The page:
“Is any among you sick? Let him call for the priests of the Church and let them pray over him, anointing him with oil in the name of the Lord.”
WHAT IT IS
Also known as Extreme Unction or Last Rites, Anointing of the sick consists of of priest or bishop laying his hands on a sick person and anointing him or her with blessed oil. When possible, the sacrament should occur during the Sacrifice of the Mass and be preceded by Confession and followed by Communion.
The recipient should in danger of death because of illness or old age. If he or she is unable to request it, the sacrament should be given the benefit of the doubt and administered. However, it must not be conferred individuals who persevere obstinately in manifest grave sin.
The oil used should ideally be olive oil, although any vegetable-based oil is acceptable. Priests carry such oil in case they encounter someone in danger of death. Unlike baptism, anointing of the sick can be received more than once. It can also be repeated during the course of a single illness if the condition worsens.
Anointing of the sick provides strength, peace and courage to overcome the difficulties of the illness. The sick person also unites his or her suffering with Christ’s Passion. Suffering, a result of sin, becomes a participating in the saving work of Jesus.
It also allows the Church to intercede for the sick and to offer his or her pain and to become holier in the process. Finally, Anointing of the Sick completes our conformity to the death and resurrection of Jesus — just Baptism began it. It builds on the other Sacraments that mark the whole Christian life and fortifies us for the final struggles before entering Heaven.
Is anyone among you sick? He should summon the presbyters of the church, and they should pray over him and anoint with oil in the name of the Lord, and the prayer of faith will save the sick person, and the Lord will raise him up. James 5:13-15
They drove out many demons, and they anointed with oil many who were sick and cured them. Mark 6:13
Illness and death directly result from sin. When Christ offers us eternal life, he promises not only to purify our souls but also our bodies. No matter how healthy or strong we might be at any point in our lives, we all face death. While the Sacrament of Penance addresses the spiritual and psychological pathology of sin, Anointing of the Sick cures the body.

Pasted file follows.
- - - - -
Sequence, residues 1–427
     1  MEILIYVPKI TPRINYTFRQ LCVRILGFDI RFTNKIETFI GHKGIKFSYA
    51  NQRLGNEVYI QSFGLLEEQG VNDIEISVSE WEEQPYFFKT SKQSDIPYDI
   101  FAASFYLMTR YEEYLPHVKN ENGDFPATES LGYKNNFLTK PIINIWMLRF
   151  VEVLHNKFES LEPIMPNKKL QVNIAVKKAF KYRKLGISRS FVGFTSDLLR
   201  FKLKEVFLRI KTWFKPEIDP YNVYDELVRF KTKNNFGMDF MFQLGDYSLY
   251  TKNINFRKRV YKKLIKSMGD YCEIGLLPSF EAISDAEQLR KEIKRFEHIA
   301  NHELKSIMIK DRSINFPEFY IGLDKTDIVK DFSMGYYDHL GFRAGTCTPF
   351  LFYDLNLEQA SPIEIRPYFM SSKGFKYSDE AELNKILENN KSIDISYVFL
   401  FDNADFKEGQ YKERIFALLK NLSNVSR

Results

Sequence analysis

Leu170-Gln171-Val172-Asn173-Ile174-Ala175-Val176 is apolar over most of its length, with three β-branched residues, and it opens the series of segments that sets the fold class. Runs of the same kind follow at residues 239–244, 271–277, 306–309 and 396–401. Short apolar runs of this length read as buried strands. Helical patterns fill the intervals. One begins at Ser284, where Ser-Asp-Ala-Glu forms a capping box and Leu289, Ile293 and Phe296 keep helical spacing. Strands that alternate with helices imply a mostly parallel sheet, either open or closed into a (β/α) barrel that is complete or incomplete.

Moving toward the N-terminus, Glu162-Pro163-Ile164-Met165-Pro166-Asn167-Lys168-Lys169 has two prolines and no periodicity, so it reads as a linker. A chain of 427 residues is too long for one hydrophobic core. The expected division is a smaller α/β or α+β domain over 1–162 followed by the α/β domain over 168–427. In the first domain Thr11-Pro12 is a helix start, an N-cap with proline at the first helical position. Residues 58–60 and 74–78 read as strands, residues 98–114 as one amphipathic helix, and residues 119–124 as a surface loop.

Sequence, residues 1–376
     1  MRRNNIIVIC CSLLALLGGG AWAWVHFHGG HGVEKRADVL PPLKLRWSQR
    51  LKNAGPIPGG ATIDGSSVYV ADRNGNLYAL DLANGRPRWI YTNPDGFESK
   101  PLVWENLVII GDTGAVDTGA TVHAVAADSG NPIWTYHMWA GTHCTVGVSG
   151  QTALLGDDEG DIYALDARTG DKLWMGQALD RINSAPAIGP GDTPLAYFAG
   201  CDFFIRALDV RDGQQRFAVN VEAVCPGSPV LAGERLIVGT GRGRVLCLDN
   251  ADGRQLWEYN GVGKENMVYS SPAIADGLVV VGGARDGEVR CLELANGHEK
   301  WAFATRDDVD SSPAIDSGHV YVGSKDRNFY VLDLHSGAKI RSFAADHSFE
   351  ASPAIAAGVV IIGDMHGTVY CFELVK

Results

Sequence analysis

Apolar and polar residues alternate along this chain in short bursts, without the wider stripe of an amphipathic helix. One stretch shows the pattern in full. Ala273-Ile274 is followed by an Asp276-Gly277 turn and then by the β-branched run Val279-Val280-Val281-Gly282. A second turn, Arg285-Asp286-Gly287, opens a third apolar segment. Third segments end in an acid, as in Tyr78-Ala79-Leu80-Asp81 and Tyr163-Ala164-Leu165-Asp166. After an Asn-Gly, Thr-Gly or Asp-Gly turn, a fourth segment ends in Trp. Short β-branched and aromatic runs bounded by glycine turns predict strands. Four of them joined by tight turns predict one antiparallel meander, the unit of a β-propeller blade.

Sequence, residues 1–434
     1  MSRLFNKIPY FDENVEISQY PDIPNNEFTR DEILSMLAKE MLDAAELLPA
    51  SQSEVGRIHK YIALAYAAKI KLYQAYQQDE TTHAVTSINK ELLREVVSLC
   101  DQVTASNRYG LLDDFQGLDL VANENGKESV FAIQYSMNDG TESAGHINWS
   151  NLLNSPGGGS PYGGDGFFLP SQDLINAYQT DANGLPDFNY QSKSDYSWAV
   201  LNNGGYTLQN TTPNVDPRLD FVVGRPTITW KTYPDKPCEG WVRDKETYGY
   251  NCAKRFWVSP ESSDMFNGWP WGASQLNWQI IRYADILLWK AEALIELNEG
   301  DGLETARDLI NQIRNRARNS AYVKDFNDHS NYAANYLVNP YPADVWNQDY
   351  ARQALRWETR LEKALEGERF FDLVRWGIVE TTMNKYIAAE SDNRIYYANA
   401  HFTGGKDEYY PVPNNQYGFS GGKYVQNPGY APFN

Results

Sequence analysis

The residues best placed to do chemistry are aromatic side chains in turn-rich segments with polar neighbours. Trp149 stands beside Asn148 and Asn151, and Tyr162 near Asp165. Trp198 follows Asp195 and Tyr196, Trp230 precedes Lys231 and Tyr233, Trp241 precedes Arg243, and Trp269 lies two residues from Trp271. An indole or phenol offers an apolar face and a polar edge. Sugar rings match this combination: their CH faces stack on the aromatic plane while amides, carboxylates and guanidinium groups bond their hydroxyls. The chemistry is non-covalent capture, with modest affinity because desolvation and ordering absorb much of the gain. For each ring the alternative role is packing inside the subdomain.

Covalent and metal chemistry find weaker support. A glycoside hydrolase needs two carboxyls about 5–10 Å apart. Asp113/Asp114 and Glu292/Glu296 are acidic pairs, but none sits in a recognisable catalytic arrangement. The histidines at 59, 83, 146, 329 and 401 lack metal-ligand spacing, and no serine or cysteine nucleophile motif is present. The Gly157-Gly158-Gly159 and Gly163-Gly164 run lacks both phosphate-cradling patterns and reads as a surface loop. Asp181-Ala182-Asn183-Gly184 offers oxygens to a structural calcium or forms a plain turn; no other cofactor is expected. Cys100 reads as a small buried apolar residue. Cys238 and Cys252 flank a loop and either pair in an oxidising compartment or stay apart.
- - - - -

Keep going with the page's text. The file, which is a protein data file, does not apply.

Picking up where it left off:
It doesn’t prevent death, just as Penance doesn’t prevent future sin. But it allows God to work in our lives and gives graces for us to be saved. The two sacraments of Penance and Anointing of the sick recognizes humanity’s dual, joint nature of soul and body — both of which are in need of salvation by Christ.
Death and illness were never part of God’s original plan. They only entered the world after Adam and Eve ate from the tree of the knowledge of good and evil. God punished our parents with pain, hunger and hardship, then expelled them from Paradise. He then stationed a “cherubim and the fiery revolving sword east of the Garden of Eden, to guard the way to the tree of life.” (Gn 3:24).
Now in sin, it would be a lie for them to remain in Eden. Driven from God’s presence, their former immortality would have become a permanent exile. So God kept them from the tree of life, allowing them to die as an act of mercy. Death results from sin, but God’s love is greater than death and greater than our sin. He heals us with His own person, and the Sacrament of Anointing the Sick reminds us of our dependence on God for all health. It also reminds us that within the temporary suffering of death, an eternal health awaits us — if we let God work in us. This Sacrament is another overture of love by a God who wants each of us to spend eternity with Him.
Like many of the Sacraments, Anointing of the Sick had antecedents in the Jewish tradition into which Our Savior was born. Individuals would anoint themselves with oil to refresh their bodies. For instance, in 2 Sm 14:2, Joab tells a woman not to anoint herself with oil so that she will appear to be in mourning.
It was also common practice to offer ointments as a sign of hospitality and in conjunction with death. This is plainly seen when the woman anoints Jesus in Mt 26, Lk 7 and Mk 14.
Anointing oil first appears in Scripture in Ex 29:7, when God describes the consecration of priests: “Then take the anointing oil and pour it on his head, and anoint him.”The formula to make the oil is described in the next chapter and God tells the Israelites to anoint both the Tabernacle and the Ark of the Covenant.